• Transgenic seeds could arguably be legalized (article 34)
  • The quality of imported seeds would not be sufficiently regulated
  • Only the National Seed Institute is mentioned as the caretaker of seed policy, when the communes and popular power ought to be included
  • Insufficient attention is paid to biosecurity [11]

Article 34 is key. It states:

No material of genetic origin or constitution with genetically modified organisms, imported or obtained inside the country, may be used (literally ‘liberated’) without the corresponding certification of biological harmlessness issued by the National Seed Institute.[12]

Chapter one, general provisions, however, asserts:

This Legal Project …prohibits, for reasons of public order, the production, importation, commercialization, consumption and use of transgenic seeds. [13]

So while the general provision clearly bans transgenic seeds, article 34 seems to condition their use on a certification process. These concerns about the draft of the Seed Law were clearly resounded within the legislative chamber. Also, on October 23, during the morning radio program of Radio South, deputies José Ureña, Víctor Bocaranda (member of the Popular Revolutionary Movement Argimiro Gabaldón) and Ana Felicién (of the Movement for a Venezuela Free of Transgenics) participated in a discussion about the proposed Seed Law during which Ureña committed to referring deliberations on the bill to the public domain.

On October 24, in a meeting called by Blanca Eekhout and other deputies, spokespersons for the Movement for a Venezuela Free of Transgenics made their case for the immediate broadening of the deliberations so that the Movement could impact the drafting of seed policy in particular, and agricultural policy in general. The aftermath of this meeting is, for the moment, a victory for agroecology inside Venezuela and the anti-transgenic movement worldwide.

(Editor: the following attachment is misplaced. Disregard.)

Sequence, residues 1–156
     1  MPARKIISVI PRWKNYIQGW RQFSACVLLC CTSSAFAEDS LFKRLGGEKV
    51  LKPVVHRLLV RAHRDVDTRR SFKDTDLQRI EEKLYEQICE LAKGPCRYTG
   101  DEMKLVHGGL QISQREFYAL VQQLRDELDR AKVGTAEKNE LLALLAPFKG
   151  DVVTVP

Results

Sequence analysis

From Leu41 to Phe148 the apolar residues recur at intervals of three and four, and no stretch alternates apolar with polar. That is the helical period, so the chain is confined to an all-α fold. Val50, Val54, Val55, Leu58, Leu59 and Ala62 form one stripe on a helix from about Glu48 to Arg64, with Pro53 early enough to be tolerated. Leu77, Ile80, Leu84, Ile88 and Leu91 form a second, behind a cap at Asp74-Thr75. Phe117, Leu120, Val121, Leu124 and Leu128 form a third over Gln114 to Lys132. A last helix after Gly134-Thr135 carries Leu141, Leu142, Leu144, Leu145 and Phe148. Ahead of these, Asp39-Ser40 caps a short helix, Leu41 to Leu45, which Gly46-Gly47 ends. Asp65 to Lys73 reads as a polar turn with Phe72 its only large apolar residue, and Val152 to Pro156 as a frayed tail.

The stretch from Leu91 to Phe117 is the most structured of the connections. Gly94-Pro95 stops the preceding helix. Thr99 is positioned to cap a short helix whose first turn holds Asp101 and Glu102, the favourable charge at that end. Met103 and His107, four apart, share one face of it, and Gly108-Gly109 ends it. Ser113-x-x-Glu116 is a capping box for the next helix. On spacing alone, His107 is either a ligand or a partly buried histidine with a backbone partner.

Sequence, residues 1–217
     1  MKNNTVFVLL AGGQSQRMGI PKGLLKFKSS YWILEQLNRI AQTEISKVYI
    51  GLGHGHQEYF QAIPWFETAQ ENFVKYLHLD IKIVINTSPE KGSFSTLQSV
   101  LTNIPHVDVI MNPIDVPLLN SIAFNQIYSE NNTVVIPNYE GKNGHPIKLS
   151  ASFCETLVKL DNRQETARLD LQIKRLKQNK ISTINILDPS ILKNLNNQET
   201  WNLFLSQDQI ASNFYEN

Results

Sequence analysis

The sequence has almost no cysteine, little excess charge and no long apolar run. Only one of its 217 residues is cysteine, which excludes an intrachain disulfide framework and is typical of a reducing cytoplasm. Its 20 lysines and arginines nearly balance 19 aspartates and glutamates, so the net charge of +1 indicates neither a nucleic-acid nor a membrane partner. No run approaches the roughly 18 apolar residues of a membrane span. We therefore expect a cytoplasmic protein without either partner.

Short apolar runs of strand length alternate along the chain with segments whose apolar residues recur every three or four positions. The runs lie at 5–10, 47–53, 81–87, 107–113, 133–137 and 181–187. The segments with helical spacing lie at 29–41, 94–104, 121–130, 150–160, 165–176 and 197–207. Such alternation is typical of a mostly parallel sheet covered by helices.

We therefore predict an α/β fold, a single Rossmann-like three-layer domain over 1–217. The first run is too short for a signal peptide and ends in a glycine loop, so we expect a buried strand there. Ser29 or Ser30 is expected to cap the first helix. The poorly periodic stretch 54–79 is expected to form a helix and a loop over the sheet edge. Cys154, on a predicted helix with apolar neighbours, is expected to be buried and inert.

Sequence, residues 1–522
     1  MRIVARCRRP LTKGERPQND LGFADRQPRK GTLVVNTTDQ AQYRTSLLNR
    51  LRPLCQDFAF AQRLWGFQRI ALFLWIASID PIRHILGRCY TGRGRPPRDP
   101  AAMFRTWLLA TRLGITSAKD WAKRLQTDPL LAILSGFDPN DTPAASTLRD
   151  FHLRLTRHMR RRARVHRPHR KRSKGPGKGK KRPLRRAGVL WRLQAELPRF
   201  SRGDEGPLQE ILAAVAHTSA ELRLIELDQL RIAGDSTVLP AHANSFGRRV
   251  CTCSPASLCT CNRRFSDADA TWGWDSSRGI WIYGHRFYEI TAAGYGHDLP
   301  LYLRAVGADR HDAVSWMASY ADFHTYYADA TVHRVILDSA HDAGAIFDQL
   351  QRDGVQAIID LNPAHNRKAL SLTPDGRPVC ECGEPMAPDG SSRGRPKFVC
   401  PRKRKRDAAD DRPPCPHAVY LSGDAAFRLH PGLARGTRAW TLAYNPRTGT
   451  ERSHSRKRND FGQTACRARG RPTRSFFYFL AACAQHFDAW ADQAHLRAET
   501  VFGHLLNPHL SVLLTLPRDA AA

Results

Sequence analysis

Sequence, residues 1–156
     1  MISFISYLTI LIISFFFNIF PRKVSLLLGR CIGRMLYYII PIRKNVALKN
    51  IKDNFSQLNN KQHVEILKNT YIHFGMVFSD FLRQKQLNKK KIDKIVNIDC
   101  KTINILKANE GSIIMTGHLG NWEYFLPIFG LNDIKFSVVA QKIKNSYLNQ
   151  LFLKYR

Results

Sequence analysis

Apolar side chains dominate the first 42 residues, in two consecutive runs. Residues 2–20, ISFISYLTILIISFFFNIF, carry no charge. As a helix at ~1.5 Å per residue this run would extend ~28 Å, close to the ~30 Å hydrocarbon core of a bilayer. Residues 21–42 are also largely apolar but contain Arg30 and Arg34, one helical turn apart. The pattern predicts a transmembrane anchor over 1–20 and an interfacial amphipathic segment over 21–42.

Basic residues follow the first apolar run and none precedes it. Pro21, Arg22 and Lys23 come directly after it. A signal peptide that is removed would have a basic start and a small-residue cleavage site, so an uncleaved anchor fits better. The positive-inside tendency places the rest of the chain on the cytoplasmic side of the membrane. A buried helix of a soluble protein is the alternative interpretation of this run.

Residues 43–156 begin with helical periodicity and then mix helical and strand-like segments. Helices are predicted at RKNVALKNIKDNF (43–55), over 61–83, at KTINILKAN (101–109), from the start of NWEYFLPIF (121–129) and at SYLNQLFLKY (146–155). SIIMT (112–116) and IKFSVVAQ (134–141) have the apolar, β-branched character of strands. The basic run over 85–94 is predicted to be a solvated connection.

As a result of popular mobilization, the venue of  debate on the seed law was moved from the National Assembly to the major stakeholders, who were opportunely about to convene the second meeting of the Guardianes de Semillas (Guardians of Seeds) held in Monte Carmelo on October 28 and 29, 2013 (the first meeting was held on October 29, 2012). [14] At this historic conference, two legislators, Ureña y Acurero, participated in the discussions. As a result of pressure from the agroecological movement, it was decided that the original draft of the Seed Law should be put aside and a new law drafted. Such legislation would explain in its exposicion de motivos (preamble) that the law seeks to “develop and consolidate the role of popular organizations in the storage, safeguarding, and regulation of seeds based on the model of ancestral, peasant and communal production and knowledge, with an emphasis on local exchange and distribution to guarantee our food sovereignty and the construction of an ecosocialist model of production.” This grass roots version of a proposed seed law would also prohibit transgenic seeds from entering the country as well as banning the privatization or patenting of any seeds. A commission constituted by seven organizations, including the Campaign for a Venezuela Free of Transgenics, agreed to continue work on a draft of a new Seed Law. [15] Gabriel Pool, a Venezuelan  peasant member of the collective Venezuela Free of Transgenics, summarized the nature of the public deliberations: “At this moment we are engaged in a popular consultation, in debates, in discussions on a national level with all of the peasant movements in order to construct a new Seed Law because the last one has been rejected by popular power.” [16]